June is Pride Month, when people who identify as gay, lesbian, bisexual, transgender, and other gender-fluid designations celebrate their diversity and strengths.
Why is Pride Month so important? Because for most of history, LGBTQ people faced ridicule, discrimination, and even violence due to their sexual orientation. Until very recently in the United States, LGBTQ people were not allowed to marry someone they love. While they still face discrimination and other obstacles today, LGBTQ citizens enjoy many more rights and freedoms thanks in part to pioneers like those we are celebrating for Pride Month this year.
Tammy Baldwin is the first openly gay politician elected to the U.S. Senate, in 2012. Baldwin, an attorney, was also the first woman elected to congress in her home state of Wisconsin. “All of us who are openly gay are living and writing the history of our movement,” says Baldwin. “We are no more – and no less – heroic than the suffragists and abolitionists of the 19th century . . . We are ordinary people, living our lives, and trying, as civil-rights activist Dorothy Cotton said, to ‘fix what ain’t right’ in our society.”
Audre Lorde was a librarian before becoming a poet, when her 1968 work “The Black Unicorn” was published and received high praise. Lorde described herself as “black, lesbian, mother, warrior, poet,” and wove these themes into her work as a poet and essayist. She also expressed anger about social injustice in her poetry, which was not a socially acceptable form of creative expression for women or people of color at the time.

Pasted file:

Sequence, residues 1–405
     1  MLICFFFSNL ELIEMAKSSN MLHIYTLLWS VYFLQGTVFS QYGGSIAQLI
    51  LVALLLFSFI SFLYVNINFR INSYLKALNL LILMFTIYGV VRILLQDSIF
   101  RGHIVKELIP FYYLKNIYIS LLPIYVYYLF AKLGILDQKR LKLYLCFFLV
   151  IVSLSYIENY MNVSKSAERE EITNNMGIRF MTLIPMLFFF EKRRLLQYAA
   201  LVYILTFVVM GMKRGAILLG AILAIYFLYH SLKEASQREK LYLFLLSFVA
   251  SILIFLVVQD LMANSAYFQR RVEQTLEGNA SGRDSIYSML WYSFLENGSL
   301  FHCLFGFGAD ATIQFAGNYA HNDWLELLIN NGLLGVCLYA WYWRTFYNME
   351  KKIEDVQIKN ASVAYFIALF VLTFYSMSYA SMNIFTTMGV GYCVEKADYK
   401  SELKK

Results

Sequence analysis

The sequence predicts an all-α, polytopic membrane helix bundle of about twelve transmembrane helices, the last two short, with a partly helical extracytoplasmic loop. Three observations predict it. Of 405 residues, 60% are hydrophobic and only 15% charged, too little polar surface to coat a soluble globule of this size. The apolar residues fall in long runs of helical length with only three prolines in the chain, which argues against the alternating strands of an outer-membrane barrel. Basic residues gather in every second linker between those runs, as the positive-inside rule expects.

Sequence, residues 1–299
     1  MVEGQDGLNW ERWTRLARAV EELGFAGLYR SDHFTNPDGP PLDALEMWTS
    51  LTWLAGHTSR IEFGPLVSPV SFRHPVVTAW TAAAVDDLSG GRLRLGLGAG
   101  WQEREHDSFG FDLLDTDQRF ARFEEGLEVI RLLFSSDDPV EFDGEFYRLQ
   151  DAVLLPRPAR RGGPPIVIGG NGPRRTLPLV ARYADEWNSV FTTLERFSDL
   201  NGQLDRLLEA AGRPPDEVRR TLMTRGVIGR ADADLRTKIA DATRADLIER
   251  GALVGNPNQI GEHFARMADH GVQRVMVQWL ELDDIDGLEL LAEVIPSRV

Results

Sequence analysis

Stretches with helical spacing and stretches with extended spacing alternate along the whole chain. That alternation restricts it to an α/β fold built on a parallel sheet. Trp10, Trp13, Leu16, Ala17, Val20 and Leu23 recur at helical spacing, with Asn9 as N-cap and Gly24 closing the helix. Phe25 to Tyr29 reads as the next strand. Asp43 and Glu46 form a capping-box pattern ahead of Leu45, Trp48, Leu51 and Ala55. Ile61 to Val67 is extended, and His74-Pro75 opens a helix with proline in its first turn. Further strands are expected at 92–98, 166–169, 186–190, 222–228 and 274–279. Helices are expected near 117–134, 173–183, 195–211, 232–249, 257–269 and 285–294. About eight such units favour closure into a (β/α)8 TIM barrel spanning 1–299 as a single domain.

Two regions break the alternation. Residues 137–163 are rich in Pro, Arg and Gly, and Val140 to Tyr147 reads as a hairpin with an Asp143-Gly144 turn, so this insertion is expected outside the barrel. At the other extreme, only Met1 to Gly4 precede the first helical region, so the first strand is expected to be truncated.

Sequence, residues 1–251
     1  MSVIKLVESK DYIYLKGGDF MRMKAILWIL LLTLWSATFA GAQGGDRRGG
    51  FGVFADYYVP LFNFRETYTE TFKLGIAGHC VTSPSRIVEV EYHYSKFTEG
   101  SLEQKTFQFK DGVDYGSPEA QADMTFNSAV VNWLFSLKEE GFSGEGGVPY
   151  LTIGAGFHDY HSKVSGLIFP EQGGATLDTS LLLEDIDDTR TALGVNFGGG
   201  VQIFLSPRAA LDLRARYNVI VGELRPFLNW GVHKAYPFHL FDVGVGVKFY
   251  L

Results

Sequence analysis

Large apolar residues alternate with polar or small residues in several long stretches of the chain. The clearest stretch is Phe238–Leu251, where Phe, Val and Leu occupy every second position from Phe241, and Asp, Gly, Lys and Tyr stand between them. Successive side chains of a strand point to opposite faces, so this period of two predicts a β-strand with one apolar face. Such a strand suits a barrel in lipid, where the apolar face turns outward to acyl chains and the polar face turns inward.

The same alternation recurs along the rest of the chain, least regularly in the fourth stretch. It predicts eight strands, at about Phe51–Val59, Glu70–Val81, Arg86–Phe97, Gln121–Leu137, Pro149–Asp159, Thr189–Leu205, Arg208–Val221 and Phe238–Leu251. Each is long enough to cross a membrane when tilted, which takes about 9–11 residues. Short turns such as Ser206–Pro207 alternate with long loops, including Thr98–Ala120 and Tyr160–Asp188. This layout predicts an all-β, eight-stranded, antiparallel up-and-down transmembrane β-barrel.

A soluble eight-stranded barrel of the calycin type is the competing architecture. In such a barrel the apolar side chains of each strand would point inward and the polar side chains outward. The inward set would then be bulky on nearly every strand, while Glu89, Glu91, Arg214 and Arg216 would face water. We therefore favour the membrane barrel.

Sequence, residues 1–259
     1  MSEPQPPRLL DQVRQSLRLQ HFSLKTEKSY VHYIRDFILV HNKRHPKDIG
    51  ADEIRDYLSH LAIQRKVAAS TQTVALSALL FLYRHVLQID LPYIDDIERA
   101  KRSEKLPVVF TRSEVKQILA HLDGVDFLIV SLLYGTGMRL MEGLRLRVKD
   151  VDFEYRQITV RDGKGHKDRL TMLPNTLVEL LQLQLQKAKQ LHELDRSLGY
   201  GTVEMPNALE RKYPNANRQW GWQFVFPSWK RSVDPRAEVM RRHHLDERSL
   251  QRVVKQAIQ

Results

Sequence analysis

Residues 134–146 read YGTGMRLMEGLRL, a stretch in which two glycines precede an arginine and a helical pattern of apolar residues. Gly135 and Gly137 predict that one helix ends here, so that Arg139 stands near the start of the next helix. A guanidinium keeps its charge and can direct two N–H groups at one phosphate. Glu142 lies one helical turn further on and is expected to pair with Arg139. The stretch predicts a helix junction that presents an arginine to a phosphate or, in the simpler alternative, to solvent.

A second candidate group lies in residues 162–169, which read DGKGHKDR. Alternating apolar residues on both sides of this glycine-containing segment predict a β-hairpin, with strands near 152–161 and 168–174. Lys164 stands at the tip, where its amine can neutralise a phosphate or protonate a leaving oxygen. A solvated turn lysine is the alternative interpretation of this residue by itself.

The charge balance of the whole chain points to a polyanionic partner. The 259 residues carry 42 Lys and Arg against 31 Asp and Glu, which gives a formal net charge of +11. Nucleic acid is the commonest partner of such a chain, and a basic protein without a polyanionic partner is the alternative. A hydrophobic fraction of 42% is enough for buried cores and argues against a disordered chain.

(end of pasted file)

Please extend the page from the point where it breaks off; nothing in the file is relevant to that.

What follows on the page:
Gilbert Baker called himself “the gay Betsy Ross,” because he designed what became known as the gay pride flag, a rainbow with six colors. Growing up in Kansas and feeling like an outcast because he was gay, Baker moved to San Francisco in 1972 after being stationed there as an army medic. When asked to make a flag for a pride parade in 1978, Baker and volunteers hand-dyed different colored fabric in garbage cans and stitched together the first rainbow flag. At the parade, Baker said, people’s faces lit up when they saw the flags. “It needed no explanation,” he said. “People knew immediately that it was our flag.” Baker never trademarked the flag; he felt it was his gift to the world. In the years since the 1978 march, the rainbow flag has become an international symbol for inclusion, peace, and love.
Christine Jorgensen made international headlines for her public life as a transgender woman. Born George Jorgensen in New York in 1926, Jorgensen went to Europe to have sex change surgery in 1950. However, when she returned to the U.S., she quickly learned that society did not understand or accept transgender people, and Jorgensen was often a source of public ridicule. She was also denied a marriage license in 1959 because her birth certificate listed her as male. Despite these challenges, Christine Jorgensen’s openness about her transition from male to female gave hope to other people who felt they were also transgender.
Ellen DeGeneres was the first lead actor to play an openly gay character in a television sitcom. She started her career as stand-up comedian, and in 1997, the comedy show Ellen made headlines due to her character coming out. She’s enjoyed a successful movie career–including starring as the voice of Dory from Finding Nemo and Finding Dory–authored several books, and hosted major awards shows, but Degeneres is best known today for her popular daytime talk show, Ellen.